LAS VEGAS >> The grand plan for Canelo Alvarez is to win Saturday night, then set up his pay-per-view franchise on the same Mexican holiday weekends that Floyd Mayweather Jr. always made his millions.

The plan for Miguel Cotto isn't nearly as ambitious, though it could be almost as lucrative. After reinventing himself with famed trainer Freddie Roach, Cotto will be in the mix for even more big money fights should he upset Alvarez in their 155-pound fight.

Unlike Alvarez, Cotto will have to do it without a title after being stripped of his piece of the middleweight crown this week for refusing to pay a $300,000 sanctioning fee to the WBC.

"I don't need a title," Cotto said. "This fight speaks for itself."

Promoters hope it is speaking loudly as they try to sell the bout from the Mandalay Bay resort for $69.95 on pay-per-view. Cotto and Alvarez could potentially be a fight of the year candidate, but could also be a tough sell for those disillusioned with Floyd Mayweather Jr.'s win over Manny Pacquiao in May.

They're counting on big Hispanic interest in a fight matching traditional rivals from Mexico and Puerto Rico.

"For Latinos all over the world, this is our Super Bowl," said Oscar De La Hoya, who promotes Alvarez. "This is an event that not one Hispanic, not one Latino is going to miss. That is how important this event is to us."


Alvarez is a 3-1 favorite in a fight that will be closely watched by others in or near the middleweight division. Title holder Gennady Golovkin will be at ringside, and could face the winner sometime next year in a megafight that would rival some of the retired Mayweather's promotions.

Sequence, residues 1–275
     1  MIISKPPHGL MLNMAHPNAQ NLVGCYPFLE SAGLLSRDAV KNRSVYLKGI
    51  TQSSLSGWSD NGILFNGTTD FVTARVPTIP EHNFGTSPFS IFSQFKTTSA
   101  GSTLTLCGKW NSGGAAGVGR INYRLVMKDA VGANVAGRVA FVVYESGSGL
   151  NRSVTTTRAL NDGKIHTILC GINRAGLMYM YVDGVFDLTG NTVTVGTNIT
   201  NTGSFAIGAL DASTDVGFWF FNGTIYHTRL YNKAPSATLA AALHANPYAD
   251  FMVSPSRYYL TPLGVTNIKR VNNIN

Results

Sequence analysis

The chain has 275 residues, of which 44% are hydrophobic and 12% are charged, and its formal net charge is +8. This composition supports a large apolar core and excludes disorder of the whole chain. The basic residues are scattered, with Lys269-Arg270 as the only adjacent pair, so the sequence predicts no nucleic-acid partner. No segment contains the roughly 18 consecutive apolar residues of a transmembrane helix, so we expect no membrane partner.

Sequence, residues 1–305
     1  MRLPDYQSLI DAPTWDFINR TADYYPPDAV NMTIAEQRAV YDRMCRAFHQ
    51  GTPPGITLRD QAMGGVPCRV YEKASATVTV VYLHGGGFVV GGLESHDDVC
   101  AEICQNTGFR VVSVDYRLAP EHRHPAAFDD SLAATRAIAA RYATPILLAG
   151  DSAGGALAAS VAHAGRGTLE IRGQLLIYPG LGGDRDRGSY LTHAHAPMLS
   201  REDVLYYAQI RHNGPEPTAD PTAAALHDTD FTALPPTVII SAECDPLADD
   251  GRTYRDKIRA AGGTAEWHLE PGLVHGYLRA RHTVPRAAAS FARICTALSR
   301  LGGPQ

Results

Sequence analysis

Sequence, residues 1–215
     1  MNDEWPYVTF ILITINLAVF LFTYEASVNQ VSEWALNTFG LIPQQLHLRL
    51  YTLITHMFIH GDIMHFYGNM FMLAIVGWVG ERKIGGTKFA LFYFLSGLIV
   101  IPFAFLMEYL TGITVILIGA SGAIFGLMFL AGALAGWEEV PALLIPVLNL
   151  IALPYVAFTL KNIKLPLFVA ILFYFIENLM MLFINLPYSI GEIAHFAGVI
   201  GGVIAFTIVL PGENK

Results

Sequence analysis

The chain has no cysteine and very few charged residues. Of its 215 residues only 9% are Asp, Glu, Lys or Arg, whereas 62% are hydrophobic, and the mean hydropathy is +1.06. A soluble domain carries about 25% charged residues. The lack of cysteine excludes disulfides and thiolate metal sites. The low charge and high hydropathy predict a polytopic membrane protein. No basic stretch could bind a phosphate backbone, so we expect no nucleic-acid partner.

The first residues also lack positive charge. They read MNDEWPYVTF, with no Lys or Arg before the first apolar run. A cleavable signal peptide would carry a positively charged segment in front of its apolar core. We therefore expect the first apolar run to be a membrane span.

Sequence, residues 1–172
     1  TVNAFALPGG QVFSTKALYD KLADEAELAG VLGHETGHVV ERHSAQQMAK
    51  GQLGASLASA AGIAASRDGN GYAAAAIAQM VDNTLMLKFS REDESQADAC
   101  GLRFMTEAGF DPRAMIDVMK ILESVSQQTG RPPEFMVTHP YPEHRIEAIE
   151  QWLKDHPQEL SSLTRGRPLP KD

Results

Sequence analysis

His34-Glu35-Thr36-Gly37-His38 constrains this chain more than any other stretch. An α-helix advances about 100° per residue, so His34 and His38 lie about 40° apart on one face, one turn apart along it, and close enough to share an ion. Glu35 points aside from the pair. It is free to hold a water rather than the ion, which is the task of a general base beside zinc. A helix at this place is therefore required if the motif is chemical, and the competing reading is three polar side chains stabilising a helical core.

It's a fight that could do a lot for both boxers. It's also a fight Alvarez needs badly if he is to become the superstar De La Hoya believes he will be and be a part of big fights in May and September next year.

"We understand obviously the magnitude of this fight," Alvarez said through an interpreter. "We must win the fight."

The fight was going to be for Cotto's middleweight title, but that went out the window this week when he refused to pay the sanctioning fee to the WBC. Alvarez would be declared the WBC champion if he wins the bout, but the title would be vacant if Cotto wins.

Not that Cotto is terribly concerned with the gaudy green belt. After paying Golovkin $800,000 to step aside so he could fight Alvarez, he wasn't going to dig any deeper into his wallet despite his $10 million payday for the bout.

"With $1.1 million, I can buy any belt I want," Cotto said. "I can be champion of whatever I want in my own house."

Cotto has rebounded under Roach after nearly ending his career following back-to-back losses to Mayweather and Austin Trout in 2012. He was getting hit too much and went to Los Angeles to see if Roach could help lead a resurgence in the ring.

The two clicked, and Cotto has stopped all three of his opponents under Roach.

"I wanted to make sure I still had something," Cotto said. "Possibly I would have retired from boxing three years ago if Freddie didn't think I had something left."

Alvarez, whose only loss came to Mayweather in their 2013 fight, has won his three fights since. He's already a huge draw in his native Mexico and has shown he can sell pay-per-views, although a win over Cotto could take him to a new level.

Alvarez likes to walk down his opponents and is more than willing to trade punches. Cotto has in the past gotten into exchanges he later regretted. But at age 35, he wants to box more against an opponent who is a decade younger.

"I know I can punch, and I can hit hard," Cotto said. "But now at this moment I'm looking for the perfect occasion, and I'm creating the perfect opportunity just to hit my opponent. Now I understand that I have 36 minutes to finish my opponent, and I use every second of it."